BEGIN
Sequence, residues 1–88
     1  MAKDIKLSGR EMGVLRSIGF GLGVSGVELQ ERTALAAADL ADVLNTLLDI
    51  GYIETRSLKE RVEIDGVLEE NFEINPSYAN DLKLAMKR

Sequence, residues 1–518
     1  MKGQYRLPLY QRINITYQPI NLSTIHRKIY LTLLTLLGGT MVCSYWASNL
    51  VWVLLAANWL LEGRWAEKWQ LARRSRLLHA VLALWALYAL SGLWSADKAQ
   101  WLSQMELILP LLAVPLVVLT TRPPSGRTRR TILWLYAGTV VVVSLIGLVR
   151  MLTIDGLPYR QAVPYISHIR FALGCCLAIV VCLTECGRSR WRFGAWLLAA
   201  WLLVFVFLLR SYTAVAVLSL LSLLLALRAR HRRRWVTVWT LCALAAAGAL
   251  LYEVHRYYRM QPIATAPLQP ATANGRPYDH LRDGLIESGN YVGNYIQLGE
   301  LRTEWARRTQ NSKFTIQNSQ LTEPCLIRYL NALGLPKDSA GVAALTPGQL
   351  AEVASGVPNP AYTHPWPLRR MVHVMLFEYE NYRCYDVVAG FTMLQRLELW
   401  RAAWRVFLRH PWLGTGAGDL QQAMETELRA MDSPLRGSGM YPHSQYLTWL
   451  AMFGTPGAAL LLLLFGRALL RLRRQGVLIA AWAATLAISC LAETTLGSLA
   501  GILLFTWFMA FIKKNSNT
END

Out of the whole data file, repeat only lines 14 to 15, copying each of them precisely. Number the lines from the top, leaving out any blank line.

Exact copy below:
   451  AMFGTPGAAL LLLLFGRALL RLRRQGVLIA AWAATLAISC LAETTLGSLA
   501  GILLFTWFMA FIKKNSNT